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Everything You Need to Know About Paraffin Manicures (and How to Do One at Home)
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You’ve probably noticed “paraffin manicure” on your nail salon’s menu, and you’ve also probably wondered what the heck paraffin was. If that sounds like you, then you’ve come to the right place. We’ve broken down everything you need to know about this softening, smoothing treatment, including tips on how to do one yourself at home.

What is a paraffin manicure?

It’s a manicure that includes paraffin wax—a colorless, odorless wax derived from beeswax and petroleum. The nail technician dips your hands into the heated wax (or uses a brush to paint the wax onto the skin) until they’re covered in several layers. Once your hands are waxified, a plastic glove is placed over them and wrapped in hot towels to boost the treatment’s benefits. The wax is often mixed with essential oils like lavender, tea tree, peppermint or aloe vera to double the benefits in the process and give it a soothing scent. 

Once cooled, the technician works to peel the wax away and provide the standard manicure (including cleaning, shaping and buffing the nails before applying nail polish). They also play close attention to trimming the cuticles and massaging your hands with rich lotion to lock in the extra hydration and softness.

What are the benefits of getting one?

Paraffin manicures are great for healing dry and cracked hands, making them silky and smooth again. Once the wax hardens around your hands, it opens up your pores to release any dirt or toxins, while also removing any dead skin cells. 

As mentioned above, paraffin wax is petroleum-based, so you can find this ingredient in everyday products like Vaseline, baby oil and other ointments (which makes sense since all of these items keeps moisture in and helps soften the skin). Paraffin wax helps add moisture to the skin while developing a barrier to retain your natural oils.

The treatment also has thermotherapy benefits like increased blood flow, relaxed muscles and reduced stiffness in joints, so it’s recommended for people who suffer from arthritis, fibromyalgia and other joint mobility issues. The wax helps relieve pain and boost skin elasticity (aka mobility and movement).

Is paraffin wax safe?

It's a completely natural ingredient, but it’s not recommended for people with hypertension, diabetes or varicose veins—you could experience numbness, unusual sensations or poor circulation if you are diabetic. Also, skip the treatment if you have super-sensitive skin and are prone to heat rash. As always, it’s best to talk to your doctor to decide if paraffin wax is right for you.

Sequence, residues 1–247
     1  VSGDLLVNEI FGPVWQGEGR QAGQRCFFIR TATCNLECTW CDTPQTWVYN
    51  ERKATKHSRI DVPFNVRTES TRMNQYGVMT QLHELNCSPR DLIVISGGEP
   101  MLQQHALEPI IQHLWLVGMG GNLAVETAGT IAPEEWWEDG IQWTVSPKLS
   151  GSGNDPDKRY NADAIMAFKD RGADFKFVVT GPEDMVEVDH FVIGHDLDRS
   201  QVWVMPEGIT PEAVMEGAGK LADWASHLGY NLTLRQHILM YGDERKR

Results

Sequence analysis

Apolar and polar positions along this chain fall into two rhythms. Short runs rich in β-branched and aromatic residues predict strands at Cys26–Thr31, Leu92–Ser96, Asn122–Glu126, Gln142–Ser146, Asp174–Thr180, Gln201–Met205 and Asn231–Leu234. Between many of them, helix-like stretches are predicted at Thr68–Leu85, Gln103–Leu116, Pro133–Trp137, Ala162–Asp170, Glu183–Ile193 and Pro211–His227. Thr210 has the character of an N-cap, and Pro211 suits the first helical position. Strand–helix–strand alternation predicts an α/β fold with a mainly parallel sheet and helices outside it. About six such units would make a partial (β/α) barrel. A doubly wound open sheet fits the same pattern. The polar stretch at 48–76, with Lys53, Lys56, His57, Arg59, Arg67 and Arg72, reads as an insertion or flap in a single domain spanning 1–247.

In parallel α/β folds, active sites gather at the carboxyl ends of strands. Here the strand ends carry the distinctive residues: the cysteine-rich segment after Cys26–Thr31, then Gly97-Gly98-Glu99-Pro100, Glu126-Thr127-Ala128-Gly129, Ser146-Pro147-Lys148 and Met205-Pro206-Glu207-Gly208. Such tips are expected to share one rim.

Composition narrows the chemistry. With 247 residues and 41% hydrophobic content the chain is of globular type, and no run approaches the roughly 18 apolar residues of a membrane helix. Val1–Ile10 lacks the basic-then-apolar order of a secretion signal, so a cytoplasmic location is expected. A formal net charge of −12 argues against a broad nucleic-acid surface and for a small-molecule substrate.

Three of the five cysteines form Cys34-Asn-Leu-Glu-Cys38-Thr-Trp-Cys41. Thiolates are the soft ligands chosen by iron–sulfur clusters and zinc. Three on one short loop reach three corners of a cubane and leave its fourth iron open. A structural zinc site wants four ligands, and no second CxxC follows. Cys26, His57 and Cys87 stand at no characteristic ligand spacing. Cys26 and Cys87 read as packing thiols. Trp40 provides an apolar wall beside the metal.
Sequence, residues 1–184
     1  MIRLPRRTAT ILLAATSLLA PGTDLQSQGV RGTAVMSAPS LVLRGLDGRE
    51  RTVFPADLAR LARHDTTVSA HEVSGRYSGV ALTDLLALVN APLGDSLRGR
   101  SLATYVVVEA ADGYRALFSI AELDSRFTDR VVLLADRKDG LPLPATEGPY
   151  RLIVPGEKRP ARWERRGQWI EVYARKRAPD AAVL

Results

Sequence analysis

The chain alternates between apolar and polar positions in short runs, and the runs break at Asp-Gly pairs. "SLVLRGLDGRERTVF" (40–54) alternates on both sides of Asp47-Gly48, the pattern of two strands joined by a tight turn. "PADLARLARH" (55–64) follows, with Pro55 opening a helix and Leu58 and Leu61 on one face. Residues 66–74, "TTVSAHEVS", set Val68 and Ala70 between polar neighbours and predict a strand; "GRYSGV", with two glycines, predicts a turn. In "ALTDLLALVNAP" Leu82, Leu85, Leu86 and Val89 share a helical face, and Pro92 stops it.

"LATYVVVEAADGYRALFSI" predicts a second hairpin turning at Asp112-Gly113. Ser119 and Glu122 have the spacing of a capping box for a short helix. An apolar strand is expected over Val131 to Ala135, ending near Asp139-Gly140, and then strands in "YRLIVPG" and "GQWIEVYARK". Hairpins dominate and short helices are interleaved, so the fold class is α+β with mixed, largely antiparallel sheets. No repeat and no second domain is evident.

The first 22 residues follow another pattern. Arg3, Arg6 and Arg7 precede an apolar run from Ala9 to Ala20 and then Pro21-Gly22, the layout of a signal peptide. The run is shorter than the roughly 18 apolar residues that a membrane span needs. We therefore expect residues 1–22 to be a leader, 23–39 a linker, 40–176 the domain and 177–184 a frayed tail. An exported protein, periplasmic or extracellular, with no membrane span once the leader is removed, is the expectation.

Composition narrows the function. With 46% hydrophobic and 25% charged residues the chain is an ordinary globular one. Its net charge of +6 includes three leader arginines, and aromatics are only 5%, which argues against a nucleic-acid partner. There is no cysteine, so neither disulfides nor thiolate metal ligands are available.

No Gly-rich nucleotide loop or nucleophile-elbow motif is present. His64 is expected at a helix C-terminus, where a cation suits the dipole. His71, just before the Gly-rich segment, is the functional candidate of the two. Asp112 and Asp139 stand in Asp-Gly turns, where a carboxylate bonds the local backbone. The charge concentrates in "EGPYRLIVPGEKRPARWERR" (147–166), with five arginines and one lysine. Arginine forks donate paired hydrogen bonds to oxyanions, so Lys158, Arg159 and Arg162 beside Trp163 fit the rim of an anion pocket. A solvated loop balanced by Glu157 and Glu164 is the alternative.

How much does a paraffin treatment cost?

It depends on the nail salon or spa, but the average cost is $20 to $40 on top of the cost of your regular manicure.

So how do I do it at home?

To get started, all you need is paraffin wax, a microwave-safe bowl, essential oils, plastic gloves and a towel.

Heat the wax (mixing in 12 to 15 drops of essential oils to enhance the scent and benefits) in a microwave-safe bowl in 10-second intervals (mixing in between each one) until it’s liquified. There’s also the option of using a double boiler, ¾ cup of water and a cup of mineral oil as well. (Or look into the Revlon Paraffin Bath to recreate the nail salon scene at home and let the machine do the work for you.)

While you’re waiting for the wax to cool to a comfortable temperature, wash your hands well with soap, rinse, dry completely and rub on a lot of lotion—it will all absorb while it’s encased in the wax.

Once the wax is ready, check to make sure it’s not too hot and then dip in one hand up to your wrist, taking it out and dipping it back in until your hand is completely covered in five to seven layers (wait a few seconds between dips for the layers to dry a little). Too avoid too much mess, try doing one hand at a time over a surface that won’t be damaged by wax.

Put on the plastic glove and wrap your hand tightly in a towel to keep the wax warm. Leave the wax on for 15 to 20 minutes, then peel it off (the wax should come off in large sections) and massage more lotion onto your hand. (No need to wash your hands again.) The whole process should take about 30 minutes to an hour (depending on if you do both hands at the same time and how long it takes for the wax to cool). For best results, do this every two weeks.

Is there anything else I need to know?

To get the most out of the treatment, avoid wiggling your fingers (since it’ll crack the coating) and don’t apply polish until you fully clean the residue from the surface of your nails (especially gel polish—if there’s any paraffin wax stuck or too much oil or lotion, it won’t stick).

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